Radical Reconstruction and Re: Peter Camejo

Richard Fidler rfidler at cyberus.ca
Thu Jul 10 12:36:22 MDT 2003

Just to confuse things further, there's a very good book on Radical
Reconstruction by... Peter Camejo. Yup, the Green socialist in

Racism, Revolution, Reaction, 1861-1877: The Rise and Fall of Radical
Reconstruction [Monad Press (Pathfinder), New York, 1976].

>From the introduction:

This book had its origin in a series of lectures delivered at a Young
Socialist Alliance educational conference at Oberlin, Ohio, in the
summer of 1974. It is only a partial contribution towards a full
analysis of Radical Reconstruction, which in itself would be but part of
a needed Marxist analysis of the second American revolution as a whole.

This work does not offer any original research. The information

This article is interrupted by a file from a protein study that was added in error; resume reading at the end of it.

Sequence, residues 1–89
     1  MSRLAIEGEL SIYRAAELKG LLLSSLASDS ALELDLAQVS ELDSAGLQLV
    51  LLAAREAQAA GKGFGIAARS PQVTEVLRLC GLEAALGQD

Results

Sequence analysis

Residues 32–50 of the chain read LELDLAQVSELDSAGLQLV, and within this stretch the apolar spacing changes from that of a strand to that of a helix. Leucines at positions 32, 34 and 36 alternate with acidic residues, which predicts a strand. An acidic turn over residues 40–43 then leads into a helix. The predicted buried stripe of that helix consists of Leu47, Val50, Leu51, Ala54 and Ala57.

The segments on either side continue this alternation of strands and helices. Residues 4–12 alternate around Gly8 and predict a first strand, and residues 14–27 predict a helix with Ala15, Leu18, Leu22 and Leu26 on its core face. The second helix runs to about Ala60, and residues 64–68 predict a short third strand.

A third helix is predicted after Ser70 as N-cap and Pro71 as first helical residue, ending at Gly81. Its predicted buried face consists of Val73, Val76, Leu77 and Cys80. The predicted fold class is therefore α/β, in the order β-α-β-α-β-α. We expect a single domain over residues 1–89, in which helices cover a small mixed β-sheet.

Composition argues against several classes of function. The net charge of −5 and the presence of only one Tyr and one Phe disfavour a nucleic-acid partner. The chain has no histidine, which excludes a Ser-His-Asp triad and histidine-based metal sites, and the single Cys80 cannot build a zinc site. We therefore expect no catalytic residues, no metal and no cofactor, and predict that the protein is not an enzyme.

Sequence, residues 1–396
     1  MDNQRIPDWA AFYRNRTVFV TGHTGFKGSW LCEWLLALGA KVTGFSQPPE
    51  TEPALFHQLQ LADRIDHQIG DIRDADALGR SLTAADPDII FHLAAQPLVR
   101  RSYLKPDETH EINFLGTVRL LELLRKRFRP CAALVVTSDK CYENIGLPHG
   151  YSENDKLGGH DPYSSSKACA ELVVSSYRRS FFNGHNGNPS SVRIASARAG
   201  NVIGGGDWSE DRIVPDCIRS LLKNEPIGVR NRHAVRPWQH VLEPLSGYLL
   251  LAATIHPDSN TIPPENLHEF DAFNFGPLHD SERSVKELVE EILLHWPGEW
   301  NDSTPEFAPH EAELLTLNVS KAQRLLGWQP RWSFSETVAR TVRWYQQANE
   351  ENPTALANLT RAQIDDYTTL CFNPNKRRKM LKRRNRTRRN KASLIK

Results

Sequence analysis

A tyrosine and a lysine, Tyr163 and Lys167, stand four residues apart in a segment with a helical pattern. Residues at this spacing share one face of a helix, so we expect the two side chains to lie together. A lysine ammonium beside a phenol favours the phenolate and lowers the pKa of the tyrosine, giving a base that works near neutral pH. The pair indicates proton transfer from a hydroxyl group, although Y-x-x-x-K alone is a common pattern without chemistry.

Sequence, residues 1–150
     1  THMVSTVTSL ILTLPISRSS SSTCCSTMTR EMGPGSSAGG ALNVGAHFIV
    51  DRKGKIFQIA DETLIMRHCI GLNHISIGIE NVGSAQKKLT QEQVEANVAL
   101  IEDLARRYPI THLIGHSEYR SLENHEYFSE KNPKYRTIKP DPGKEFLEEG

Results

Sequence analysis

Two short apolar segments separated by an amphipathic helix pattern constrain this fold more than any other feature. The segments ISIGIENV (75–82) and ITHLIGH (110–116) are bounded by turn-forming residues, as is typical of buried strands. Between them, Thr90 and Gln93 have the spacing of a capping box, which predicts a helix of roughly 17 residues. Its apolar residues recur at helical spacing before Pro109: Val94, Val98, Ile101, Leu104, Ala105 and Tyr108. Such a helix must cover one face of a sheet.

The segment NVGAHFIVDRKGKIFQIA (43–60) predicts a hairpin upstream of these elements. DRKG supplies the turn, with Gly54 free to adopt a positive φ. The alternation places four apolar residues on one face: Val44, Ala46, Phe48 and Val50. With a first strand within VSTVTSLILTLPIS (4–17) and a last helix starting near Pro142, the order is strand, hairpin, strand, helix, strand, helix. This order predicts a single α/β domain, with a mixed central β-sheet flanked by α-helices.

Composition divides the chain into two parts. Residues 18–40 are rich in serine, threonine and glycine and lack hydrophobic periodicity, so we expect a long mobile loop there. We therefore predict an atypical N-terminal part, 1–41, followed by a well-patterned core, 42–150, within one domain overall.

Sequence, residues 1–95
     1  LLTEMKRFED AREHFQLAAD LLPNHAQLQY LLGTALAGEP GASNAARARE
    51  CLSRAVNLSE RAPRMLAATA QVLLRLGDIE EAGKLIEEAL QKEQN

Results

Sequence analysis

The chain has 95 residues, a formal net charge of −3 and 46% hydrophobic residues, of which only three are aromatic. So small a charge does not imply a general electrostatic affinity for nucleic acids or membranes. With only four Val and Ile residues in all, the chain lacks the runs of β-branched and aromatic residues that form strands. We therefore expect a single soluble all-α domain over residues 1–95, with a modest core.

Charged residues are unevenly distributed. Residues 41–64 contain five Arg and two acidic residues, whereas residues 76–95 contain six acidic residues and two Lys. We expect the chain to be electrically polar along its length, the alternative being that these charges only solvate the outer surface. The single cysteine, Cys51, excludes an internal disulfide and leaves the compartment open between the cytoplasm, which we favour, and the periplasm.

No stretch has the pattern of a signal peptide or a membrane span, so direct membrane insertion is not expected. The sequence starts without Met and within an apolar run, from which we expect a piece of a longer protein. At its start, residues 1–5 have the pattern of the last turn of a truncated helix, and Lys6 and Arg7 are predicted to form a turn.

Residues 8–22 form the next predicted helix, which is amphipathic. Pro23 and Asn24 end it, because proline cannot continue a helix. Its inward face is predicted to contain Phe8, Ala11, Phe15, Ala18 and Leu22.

contained in it is taken from the books, pamphlets, and articles listed
in the bibliography. Only its interpretation of the data is new. In one
sense it is a defense of the contributions made by C. Vann Woodward in
his Origins of the New South, 1877-1913 and Reunion and Reaction, since
its thesis is based on Woodward's important factual findings. The book
concentrates on explaining why Radical Reconstruction began and
especially why it was overthrown. The first two chapters present the
historical background against which these events took place.

Although much of the factual information used in this work is taken from
the school of the self-styled revisionist historians, I reject their
claim to have disproved the basic outline of Charles and Mary Beard and
Howard K. Beale's economic determinist interpretation, which was so
illuminating despite its one-sidedness.

My goal has been to bring together in an integrated interpretation what
others have seen as separate and unconnected developments in the United
States between 1861 and the 1890s. This picture in turn has been placed
within the broader international view of the meaning of the second
American revolution best expressed in the articles of George Novack in
America's Revolutionary Heritage and his book Democracy and Revolution.
Unfortunately the contributions of this outstanding Marxist scholar are
not well known among academic historians.


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